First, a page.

Umbrella Grass (Cyperus Alternifolius / Papyrus)

About the Umbrella Grass Houseplant

The houseplants Cyperus Papyrus and Cyperus Alternifolius are commonly known as Umbrella Grass, Umbrella Plant, Umbrella Papyrus, Umbrella Sedge or the Umbrella Palm.Mature Cyperus haspan being grown as an attractive houseplant by Robin Berthier

The Umbrella element of its various names comes from the leaflets that grow on top of the tall stems which (wait for it) look like the spokes of an Umbrella, giving an overall attractive and novel appearance.

With age the leaves and stems eventually form a grass-like clump, and this look is distinctly different to the other commonly grown Umbrella Plant i.e. Schefflera. In order to avoid confusion we're going to use Umbrella Grass as its primary name in our article, but all of the above names are equally valid.

This houseplant is very unique and its the only plant we've written about to date which can not (99% of the time) be killed by overwatering.

Theoretically, Umbrella Grass is actually a pond or aquatic plant which resembles water reeds. It's very adapted to having its roots completely surrounded by water at all times and ultimately this is something that's needed if you want a good looking Cyperus. It grows just as well indoors as it does in a pond as long as you ensure the roots are kept constantly wet.

Although you must not underwater this plant at anytime, in all other ways Umbrella Grass is actually a very easy houseplant. It copes well with a range of light and temperature levels, grows quickly and is easily propagated. So if you become a fan it's very easy to grow more plants or give them away as unusual presents.

Umbrella Grass houseplant or Cyperus alternifoliusIn some parts of the world the above traits have meant it's been classed as an invasive plant or weed, but on the whole and in the context of them being "houseplants" this is rarely a problem as they're neatly contained in pots.

There are various Cyperus species that are suitable for being grown indoors as a houseplants. The most popular ones today are C. papyrus, C. alternifolius (pictured left), and C. haspan (pictured above).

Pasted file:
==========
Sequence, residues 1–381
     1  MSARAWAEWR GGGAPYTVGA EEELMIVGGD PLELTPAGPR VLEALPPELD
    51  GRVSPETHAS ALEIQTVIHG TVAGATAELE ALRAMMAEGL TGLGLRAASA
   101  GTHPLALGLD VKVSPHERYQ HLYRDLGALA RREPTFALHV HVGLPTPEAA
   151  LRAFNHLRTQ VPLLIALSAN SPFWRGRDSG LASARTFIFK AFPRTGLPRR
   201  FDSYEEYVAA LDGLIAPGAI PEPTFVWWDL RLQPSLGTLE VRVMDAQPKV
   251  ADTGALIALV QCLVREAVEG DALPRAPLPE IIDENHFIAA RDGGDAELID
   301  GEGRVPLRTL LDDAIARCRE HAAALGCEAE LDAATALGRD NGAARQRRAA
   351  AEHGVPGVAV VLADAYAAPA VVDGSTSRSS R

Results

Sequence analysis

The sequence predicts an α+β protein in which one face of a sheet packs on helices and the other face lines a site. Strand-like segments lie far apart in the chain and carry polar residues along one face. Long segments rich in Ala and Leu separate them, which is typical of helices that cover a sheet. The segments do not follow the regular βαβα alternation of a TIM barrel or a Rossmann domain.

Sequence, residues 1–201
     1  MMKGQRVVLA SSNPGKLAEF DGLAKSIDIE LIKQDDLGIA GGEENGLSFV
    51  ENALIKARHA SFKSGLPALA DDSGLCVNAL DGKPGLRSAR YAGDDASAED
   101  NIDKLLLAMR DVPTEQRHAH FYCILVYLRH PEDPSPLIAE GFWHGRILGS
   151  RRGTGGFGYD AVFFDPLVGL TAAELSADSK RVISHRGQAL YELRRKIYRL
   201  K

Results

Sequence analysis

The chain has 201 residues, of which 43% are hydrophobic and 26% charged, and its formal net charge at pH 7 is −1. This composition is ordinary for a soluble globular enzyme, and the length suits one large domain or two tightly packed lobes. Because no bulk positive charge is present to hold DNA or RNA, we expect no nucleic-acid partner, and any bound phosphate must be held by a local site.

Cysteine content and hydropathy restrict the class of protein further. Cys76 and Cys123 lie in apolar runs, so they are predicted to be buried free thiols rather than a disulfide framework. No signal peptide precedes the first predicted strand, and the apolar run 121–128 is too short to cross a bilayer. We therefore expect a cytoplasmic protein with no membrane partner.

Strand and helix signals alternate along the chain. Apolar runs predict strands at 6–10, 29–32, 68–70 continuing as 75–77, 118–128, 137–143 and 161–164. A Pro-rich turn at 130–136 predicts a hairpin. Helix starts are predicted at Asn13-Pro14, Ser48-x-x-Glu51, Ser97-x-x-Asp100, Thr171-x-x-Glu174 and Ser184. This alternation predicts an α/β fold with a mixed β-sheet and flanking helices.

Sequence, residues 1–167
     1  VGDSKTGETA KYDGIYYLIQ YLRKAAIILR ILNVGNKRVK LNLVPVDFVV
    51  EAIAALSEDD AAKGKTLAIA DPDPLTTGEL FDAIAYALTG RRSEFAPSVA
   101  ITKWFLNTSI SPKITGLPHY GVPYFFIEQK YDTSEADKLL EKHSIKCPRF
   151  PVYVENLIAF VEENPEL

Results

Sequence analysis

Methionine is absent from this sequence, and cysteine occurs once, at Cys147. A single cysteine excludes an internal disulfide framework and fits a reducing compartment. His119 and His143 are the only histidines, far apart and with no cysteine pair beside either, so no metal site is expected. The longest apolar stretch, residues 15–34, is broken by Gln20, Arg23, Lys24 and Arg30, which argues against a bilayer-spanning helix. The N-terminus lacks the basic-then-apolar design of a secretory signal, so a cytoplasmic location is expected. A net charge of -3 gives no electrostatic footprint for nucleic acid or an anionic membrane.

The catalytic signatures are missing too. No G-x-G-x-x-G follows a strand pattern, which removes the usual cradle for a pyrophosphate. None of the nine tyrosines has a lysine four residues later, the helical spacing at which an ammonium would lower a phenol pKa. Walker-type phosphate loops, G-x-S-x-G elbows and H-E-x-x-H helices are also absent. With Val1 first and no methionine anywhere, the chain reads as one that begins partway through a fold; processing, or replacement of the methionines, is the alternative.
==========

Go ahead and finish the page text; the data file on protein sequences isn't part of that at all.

You may also find C. diffusus or C. involucratus in the outdoor garden plants section of garden centers. They can be grown indoors if you wish, but because they're very vigorous, bushy and somewhat untidy they're perhaps best suited to being grown outdoors in a pond or very boggy area in your yard. You may also come across the rare C. albostriatus variegatus which is highly attractive due to its variegated leaves.

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Umbrella Grass

Umbrella Grass Care Guide


Umbrella Grass can be grown equally well in full sun, bright light, light shade or medium shade. It's very adaptable and accommodating for the most part. If things are too dark it will tell you by producing very few new shoots or stems.


Can you overwater a Cyperus plant? Not really is the answer. Very simply you must provide a high level of water saturation at all times to keep your Umbrella Grass healthy and lush looking, so do try to keep the drip tray (or whatever the pot is sitting in) topped up at all times. If you choose a drip tray with a tall edge, you'll be able to reduce the frequency you need to top it up.

Unlike many other houseplants the water requirement isn't something you can negotiate on as attempting to do so will quickly cause ugly effects with the arrival of brown splotches on the leaves or completely yellow / brown Umbrella Grass stems. Make sure your Umbrella Plant is well watered by using a drip trayThe only time you can cut back on the watering is if temperatures go very low, too much water at this point could cause damage through rotting. Additionally do not immerse the entire pot in water at any point for the same reason.